Going through the pains of being a teenager is something that everyone must overcome.
We feel like no one in the entire world understands us or the trials and tribulations that each of us goes through during that oh so difficult time in our lives.
HBO’s Euphoria does exactly that and more within eight episodes.
Daaaaaang. Just finished @euphoriaHBO last night. Phenomenal piece of visual/emotional candy + total perfection from @Zendaya 😩💗
— K A C E Y M U S G R A V E S (@KaceyMusgraves) August 17, 2019
The series primarily follows Rue Bennett, played by Zendaya, who is a drug addict who just completed rehab over the summer and is now entering her junior year of high school and has no plans of staying clean.
Her experiences throughout the series are haunting, painful and leads the viewers to hang on to every word each Sunday airing.
Euphoria is one of the most authentic portrayals of modern day high school life.
While I sat and watched each episode, I found myself resonating with each character or reminding myself that when I was once in high school not so long ago, trying to find myself and ‘feel something’ was all that I cared about.
Euphoria wants the viewer to ‘feel something’ as it’s the show’s tagline.
Viewing the show, there are a lot of negative aspects about each character that might not be what people want to see, but it is what viewers need to see and while seeing the negative in these fictional characters maybe viewers will be able to see some similarities in their own lives.
Sam Levinson, the show’s creator, said that he just wanted to be able to capture the heightened sense of emotion and how relationships feel at that age; he just wrote a lot of the show from his own life, personal experiences and his battle with addiction.
Addiction is a sensitive topic for a lot of people to discuss, but the show pushes the envelope and the portrayal itself is raw; showing the hardships of an everyday battle.
Euphoria has been deemed overall as a controversial yet hard to watch at times due to certain subject matter such as drug addiction and portrayals of assault. It is certainly pushing the typical teen melodrama out the window. For a trope that is both tired and played out, it is refreshing to see something that is actually relatable and not just something that is trying too hard and depicts teenage life as something that it is not.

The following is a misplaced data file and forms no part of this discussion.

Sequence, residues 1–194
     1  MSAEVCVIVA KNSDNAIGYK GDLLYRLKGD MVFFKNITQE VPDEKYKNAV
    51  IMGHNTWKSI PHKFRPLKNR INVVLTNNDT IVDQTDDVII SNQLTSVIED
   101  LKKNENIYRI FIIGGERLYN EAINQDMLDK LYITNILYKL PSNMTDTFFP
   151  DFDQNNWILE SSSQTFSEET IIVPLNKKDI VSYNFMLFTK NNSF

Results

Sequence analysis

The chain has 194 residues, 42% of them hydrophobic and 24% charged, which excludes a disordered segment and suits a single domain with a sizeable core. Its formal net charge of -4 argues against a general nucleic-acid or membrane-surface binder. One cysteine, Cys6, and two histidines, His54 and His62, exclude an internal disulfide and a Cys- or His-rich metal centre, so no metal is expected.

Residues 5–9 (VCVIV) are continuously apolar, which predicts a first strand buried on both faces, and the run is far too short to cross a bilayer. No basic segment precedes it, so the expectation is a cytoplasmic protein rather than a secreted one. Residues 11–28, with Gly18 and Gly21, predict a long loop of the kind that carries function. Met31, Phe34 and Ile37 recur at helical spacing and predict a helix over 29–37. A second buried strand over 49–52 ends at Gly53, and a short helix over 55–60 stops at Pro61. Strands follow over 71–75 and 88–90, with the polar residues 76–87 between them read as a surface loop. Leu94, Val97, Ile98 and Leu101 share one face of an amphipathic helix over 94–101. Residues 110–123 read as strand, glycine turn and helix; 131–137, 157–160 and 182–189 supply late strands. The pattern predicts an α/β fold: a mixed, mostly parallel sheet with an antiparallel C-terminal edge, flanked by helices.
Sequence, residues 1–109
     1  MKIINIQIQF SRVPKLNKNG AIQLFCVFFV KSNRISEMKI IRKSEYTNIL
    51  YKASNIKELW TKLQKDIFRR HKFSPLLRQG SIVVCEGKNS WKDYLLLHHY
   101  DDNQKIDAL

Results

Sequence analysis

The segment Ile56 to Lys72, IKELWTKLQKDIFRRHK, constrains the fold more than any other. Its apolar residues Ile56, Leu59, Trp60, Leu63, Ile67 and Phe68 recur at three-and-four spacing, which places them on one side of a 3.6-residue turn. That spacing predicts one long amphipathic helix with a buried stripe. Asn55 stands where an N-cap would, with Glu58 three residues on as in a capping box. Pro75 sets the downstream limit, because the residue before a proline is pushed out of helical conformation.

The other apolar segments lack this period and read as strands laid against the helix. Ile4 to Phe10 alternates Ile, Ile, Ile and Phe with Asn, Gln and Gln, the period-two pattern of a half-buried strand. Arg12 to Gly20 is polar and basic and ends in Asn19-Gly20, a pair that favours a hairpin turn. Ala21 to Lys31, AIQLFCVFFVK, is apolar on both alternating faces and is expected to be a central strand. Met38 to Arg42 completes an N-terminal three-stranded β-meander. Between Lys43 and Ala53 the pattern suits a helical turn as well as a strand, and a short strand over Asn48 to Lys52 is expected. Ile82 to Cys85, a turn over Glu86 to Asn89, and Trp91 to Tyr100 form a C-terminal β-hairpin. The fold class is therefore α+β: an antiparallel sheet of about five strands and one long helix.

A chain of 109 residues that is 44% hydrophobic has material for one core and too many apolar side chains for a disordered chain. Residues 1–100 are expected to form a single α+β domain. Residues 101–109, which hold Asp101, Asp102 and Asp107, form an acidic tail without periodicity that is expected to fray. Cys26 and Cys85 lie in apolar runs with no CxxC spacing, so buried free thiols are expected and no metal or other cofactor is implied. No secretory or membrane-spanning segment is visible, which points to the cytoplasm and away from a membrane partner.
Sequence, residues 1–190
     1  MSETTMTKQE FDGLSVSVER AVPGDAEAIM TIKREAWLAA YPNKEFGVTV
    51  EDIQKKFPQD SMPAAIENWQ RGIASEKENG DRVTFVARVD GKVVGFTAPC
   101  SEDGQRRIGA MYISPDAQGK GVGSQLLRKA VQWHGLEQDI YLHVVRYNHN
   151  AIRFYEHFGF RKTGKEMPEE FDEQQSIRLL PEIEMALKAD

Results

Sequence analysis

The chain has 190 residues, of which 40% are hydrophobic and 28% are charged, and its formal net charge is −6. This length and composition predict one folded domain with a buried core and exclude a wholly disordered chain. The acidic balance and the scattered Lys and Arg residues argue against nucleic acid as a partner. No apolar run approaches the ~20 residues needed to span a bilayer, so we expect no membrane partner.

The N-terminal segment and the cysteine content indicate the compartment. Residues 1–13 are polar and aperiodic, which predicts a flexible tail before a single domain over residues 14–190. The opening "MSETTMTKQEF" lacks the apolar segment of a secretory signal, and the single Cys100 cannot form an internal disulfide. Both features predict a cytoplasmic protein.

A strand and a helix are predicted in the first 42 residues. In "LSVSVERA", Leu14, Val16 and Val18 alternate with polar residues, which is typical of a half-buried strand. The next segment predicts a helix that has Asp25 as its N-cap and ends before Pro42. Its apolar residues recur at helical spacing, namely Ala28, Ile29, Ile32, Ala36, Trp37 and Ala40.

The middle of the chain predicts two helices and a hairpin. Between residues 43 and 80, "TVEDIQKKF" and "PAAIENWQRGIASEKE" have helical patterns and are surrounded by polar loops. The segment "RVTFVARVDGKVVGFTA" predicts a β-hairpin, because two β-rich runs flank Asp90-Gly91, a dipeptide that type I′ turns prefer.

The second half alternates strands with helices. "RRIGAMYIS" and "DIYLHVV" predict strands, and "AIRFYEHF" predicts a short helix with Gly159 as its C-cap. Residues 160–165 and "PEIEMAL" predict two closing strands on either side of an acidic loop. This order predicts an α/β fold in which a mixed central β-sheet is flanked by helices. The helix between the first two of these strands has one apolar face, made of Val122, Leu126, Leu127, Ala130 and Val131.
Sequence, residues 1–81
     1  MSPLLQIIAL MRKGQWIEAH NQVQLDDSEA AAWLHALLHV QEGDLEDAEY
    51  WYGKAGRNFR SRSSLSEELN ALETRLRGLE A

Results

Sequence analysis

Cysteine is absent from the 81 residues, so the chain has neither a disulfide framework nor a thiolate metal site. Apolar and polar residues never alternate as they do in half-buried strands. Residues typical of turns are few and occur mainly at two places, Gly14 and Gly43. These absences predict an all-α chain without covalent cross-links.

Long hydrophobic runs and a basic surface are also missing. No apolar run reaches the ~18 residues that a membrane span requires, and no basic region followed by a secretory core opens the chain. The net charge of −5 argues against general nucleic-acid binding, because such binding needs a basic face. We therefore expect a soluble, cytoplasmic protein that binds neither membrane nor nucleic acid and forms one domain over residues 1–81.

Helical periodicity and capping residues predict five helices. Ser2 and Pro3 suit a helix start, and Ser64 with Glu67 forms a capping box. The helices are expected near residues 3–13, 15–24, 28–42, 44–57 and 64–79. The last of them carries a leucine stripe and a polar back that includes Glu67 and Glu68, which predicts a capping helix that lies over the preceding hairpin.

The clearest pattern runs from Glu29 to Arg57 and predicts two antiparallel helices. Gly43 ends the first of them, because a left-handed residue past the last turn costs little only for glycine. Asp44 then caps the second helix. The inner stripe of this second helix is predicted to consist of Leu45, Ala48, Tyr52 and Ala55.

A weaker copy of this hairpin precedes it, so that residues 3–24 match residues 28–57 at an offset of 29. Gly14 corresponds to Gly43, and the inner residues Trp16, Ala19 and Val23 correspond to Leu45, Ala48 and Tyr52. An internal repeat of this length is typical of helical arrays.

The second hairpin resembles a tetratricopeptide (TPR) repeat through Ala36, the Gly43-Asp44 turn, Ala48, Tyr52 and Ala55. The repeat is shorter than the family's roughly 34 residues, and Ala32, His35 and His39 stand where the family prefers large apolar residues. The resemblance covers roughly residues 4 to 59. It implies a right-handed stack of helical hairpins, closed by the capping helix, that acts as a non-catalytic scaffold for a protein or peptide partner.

So, while the typical teenage show would have the viewer believe that there are only really two types of teenagers, the ‘squeaky clean’ type and the ‘rebel without a cause’ type, Euphoria shows that no one has to fit into a certain narrative.
But besides breaking down walls on how teenage life is portrayed, the show’s score, by British composer Labrinth, is also a vital point to the series and makes each moment even more intensified and emotional depending on what song is being played.
“i’m proud to have my music involved in something like this. i’m excited about everyone getting to see this extravaganza.” ✨
series composer @Labrinth broke down the making of “all for us” featuring @Zendaya
presented by @euphoriaHBOhttps://t.co/REmgMDQafi pic.twitter.com/nLoFxOq5mo
— Genius (@Genius) August 15, 2019
It does a really astounding job and features music that young adults enjoy, so the music that is underscoring scenes does not sound too played out or fake.
The official playlist for the show has over 69,000 followers on Spotify, ranging from artists such as BTS, Solange, Kalis Uchis, Arcade Fire, Fiona Apple, Lizzo and Missy Elliot with artists being added to the playlist after each episode aired.
Overall, I would definitely recommend Euphoria to binge-watch so over the course of eight hours all kinds of feelings will emerge, and HBO has free one week trials so there’s no excuse not to get sucked into this amazing show.